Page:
The Emily Schoenbaum Grant seeks to encourage and support projects that will benefit the lives of women and girls, particularly those in the New Orleans area. We are particularly interested in organizations doing work around reproductive rights, health, and justice and work that addresses racial disparities in birth outcomes in Louisiana. Preference may be given to organizations with whom we may develop future internship or service-learning partnerships.
The Emily Schoenbaum Grant Program was founded in 1999 by Emily Schoenbaum, a 1988 graduate of Newcomb College, and is administered by Newcomb Institute.
Who May Apply Individuals or nonprofit, IRS tax-exempt organizations in Louisiana are eligible to apply. Preference will be given to applications that involve community organizations. Faculty, students, and alumnae are encouraged to apply for work they are doing in the community.
How to Apply
Professor Laura Schrader, who is working in collaboration with the New Orleans Math and Science High School, requested support for afterschool transportation to enable students who would otherwise be unable to do so to participate in Electric Girls and the Robotics Team at Sci High. Since students from Sci High live throughout the New Orleans metro area, transportation is a major challenge for many students and a barrier to their participation and success in these after-school programs. Funding for transportation is crucial for participation in these programs, but budgets at Sci High do not include funding for transportation for these after-school programs. Availability of transportation for the students is fundamental not only to their success but also to the future success of these programs within the Sci High Community. Funding from the Emily Schoenbaum Fund supports high school girls in pursuit of enriching STEM experiences. Dr. Monique Cola, Head of School at Sci High, writes, “As a woman in the sciences (Ph.D. in Neuroscience, Tulane Graduate School, 2004) I have seen and recognize the gender gaps that exist in STEM-related careers and understand the importance of exposing and providing opportunities for girls to see STEM professions as a promising path for their futures. Access to programs like Electric Girls and the Sci High Robotics Team builds girls’ confidence and capabilities by encouraging problem-solving and risk-taking – requisite skills for a successful career in STEM-related fields.”
Spring 2018 – Girls on the Run New Orleans
$2000 was awarded to Girls on the Run New Orleans to fund scholarships for girls to participate in Girls on the Run, a program that provides a 10-week curriculum to girls in the 3rda-8th grades. The curriculum encourages positive emotional, social, mental and physical development and participants explore and discuss their own beliefs around experiences and challenges girls face at this age and helps them develop important strategies and skills to help them navigate life experiences. This award ensured the participation of 10-20 low-income girls in the greater New Orleans region.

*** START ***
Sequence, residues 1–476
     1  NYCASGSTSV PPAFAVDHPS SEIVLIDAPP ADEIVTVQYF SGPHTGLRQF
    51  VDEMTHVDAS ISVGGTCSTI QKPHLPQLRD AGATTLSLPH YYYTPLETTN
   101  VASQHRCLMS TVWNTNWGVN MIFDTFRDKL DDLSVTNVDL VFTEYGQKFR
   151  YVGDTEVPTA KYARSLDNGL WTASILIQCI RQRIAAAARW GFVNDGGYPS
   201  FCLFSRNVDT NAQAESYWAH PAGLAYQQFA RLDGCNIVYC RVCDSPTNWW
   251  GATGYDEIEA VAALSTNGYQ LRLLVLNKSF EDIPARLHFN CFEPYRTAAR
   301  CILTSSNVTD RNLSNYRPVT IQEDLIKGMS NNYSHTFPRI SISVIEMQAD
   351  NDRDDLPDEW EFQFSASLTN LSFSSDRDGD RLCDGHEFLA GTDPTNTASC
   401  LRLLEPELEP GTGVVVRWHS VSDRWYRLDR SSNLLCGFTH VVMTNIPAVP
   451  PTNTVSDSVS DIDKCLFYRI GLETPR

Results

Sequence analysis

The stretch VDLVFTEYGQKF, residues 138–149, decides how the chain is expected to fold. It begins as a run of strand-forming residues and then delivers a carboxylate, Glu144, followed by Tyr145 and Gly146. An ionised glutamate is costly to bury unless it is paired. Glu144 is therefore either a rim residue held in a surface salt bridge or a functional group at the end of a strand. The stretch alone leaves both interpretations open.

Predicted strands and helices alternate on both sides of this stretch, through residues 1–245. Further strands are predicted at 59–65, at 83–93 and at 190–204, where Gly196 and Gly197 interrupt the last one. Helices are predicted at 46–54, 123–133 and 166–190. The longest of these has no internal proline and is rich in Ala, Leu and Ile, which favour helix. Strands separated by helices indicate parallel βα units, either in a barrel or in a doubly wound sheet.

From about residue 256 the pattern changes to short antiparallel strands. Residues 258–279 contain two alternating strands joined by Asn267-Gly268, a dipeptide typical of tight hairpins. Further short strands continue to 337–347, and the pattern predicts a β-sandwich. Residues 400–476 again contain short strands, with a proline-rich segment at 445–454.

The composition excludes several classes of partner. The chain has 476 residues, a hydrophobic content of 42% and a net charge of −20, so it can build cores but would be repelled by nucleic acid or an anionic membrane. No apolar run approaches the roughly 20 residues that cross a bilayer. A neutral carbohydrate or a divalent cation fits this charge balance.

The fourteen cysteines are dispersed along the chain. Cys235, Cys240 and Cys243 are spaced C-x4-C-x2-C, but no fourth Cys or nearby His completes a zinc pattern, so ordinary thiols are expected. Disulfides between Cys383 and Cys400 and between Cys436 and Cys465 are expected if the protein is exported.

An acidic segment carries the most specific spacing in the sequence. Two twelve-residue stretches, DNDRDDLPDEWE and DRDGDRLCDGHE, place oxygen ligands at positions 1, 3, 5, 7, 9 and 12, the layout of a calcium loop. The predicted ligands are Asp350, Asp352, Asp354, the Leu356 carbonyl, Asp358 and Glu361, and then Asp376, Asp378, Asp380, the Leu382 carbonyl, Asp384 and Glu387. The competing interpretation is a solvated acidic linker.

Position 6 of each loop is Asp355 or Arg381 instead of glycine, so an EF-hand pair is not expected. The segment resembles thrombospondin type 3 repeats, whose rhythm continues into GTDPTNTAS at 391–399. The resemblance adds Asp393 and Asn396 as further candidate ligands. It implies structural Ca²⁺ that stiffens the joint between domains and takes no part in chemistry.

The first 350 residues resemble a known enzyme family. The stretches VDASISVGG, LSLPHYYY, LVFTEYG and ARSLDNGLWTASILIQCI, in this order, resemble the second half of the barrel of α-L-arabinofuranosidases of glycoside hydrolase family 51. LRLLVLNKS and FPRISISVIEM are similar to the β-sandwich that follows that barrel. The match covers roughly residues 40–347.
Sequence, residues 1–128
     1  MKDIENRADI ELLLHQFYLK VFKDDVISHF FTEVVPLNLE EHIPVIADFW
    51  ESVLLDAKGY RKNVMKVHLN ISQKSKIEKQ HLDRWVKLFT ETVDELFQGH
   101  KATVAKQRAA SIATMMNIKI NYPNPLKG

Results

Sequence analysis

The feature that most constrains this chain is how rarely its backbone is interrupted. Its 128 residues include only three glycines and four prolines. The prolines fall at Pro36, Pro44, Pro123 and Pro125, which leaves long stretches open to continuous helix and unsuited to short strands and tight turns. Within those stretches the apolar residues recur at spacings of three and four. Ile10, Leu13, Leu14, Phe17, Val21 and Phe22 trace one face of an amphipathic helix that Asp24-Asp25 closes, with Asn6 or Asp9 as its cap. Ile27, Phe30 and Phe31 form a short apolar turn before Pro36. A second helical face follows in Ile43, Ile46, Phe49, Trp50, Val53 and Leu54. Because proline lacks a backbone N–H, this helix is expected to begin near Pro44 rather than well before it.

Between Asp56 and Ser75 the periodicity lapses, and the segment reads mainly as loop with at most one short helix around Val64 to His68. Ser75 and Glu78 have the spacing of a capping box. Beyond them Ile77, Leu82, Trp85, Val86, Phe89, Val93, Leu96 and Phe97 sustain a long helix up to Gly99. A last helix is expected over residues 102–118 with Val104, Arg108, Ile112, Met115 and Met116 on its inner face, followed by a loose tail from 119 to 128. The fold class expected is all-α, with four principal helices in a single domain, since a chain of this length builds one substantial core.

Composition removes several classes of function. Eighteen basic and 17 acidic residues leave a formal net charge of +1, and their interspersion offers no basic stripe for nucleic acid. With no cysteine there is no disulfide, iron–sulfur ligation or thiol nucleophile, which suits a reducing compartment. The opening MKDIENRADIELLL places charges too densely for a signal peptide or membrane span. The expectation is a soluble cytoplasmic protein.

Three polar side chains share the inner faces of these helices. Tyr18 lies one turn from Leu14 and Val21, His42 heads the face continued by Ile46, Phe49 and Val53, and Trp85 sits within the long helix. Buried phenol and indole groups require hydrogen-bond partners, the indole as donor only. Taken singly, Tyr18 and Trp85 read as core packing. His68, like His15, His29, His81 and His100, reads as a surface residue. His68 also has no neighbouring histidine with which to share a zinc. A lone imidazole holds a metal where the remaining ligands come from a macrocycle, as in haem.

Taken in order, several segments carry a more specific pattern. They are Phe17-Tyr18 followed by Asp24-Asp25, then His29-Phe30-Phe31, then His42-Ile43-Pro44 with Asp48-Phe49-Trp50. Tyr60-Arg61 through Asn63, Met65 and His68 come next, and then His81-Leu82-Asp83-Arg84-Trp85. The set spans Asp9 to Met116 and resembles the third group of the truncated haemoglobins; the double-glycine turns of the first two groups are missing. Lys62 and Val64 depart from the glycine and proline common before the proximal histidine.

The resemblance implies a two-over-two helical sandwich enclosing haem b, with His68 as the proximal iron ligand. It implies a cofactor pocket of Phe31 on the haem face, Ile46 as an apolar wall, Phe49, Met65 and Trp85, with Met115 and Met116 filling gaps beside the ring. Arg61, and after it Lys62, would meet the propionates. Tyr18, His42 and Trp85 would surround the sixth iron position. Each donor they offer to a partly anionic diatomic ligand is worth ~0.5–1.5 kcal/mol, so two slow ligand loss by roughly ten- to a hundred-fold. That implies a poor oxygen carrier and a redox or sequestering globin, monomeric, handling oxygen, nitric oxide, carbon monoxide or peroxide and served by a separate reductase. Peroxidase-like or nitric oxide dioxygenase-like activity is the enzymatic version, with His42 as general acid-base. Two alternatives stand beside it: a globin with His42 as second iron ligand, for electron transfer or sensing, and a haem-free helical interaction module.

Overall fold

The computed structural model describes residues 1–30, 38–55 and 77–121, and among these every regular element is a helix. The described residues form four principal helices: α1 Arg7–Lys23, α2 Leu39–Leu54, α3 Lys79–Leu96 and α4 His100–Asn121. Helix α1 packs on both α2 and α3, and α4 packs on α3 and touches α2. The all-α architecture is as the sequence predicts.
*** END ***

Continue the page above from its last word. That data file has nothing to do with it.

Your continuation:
During spring 2017, the grant committee chose to fund Project Peaceful Warriors + Electric Girls. $1988 was awarded to this project to support a partnership between Project Peaceful Warriors and Electric Girls, two New Orleans non-profits focused on serving and developing youth as empowered leaders. The goal of their project will be to develop and pilot a novel and innovation summer and after-school program that will provide trauma-informed yoga and mindfulness, along with confidence building and leadership training in electronics and computer programming to girls in grades K-5 in New Orleans. See an annual report from Project Peaceful Warriors.
Spring 2016 – Women With a Vision and the Louisiana Prison Education Coalition
During 2015-16, approximately $1900 went to the local organization Women With a Vision to support a collaboration with the Louisiana Prison Education Coalition (LPEC). LPEC led a reentry education clinic for women in New Orleans. Every month approximately ten women are released from Orleans Parish Prison into the local community with few resources, and facing numerous barriers to reintegration, all of which put them at high risk of recidivating. One of the most common barriers to employment and social mobility is an incomplete education. The reentry education clinic addresses this need by using preexisting programming in Orleans Parish Prison to connect with women who are interested in receiving educational services (from early literacy through higher education). Upon release, women attended a weekly class that provided mentoring to pursue local educational opportunities. LPEC provided transportation assistance, a hot meal, and childcare each week. The goal of the class is to provide resources and support to help women connect with educational programs and be prepared to pursue educational opportunities. They also provided HiSet prep and assistance in a group setting. Money from the Schoenbaum fund allowed for the first-year pilot of this project, and approximately 10 women were assisted.
Spring 2015 – Girls on the Run New Orleans
The Spring 2015 awardee Girls on the Run New Orleans, a non-profit program for girls in the 3rd through 8th grade. The 24-lesson Girls on the Run curriculum combines training for a 5K (3.1 miles) running event with lessons that inspire girls to become independent thinkers, enhance their problem-solving skills and make healthy decisions. All of this is accomplished through an active collaboration with girls and their parents, schools, volunteers, staff, and the community. They received $1740 from the Schoenbaum grant to provide scholarships for girls from low-income families to participate in the programming offered by Girls on the Run.
For more information, contact:
Laura Wolford Assistant Director of Newcomb Institute Director of Newcomb Research Center email@example.com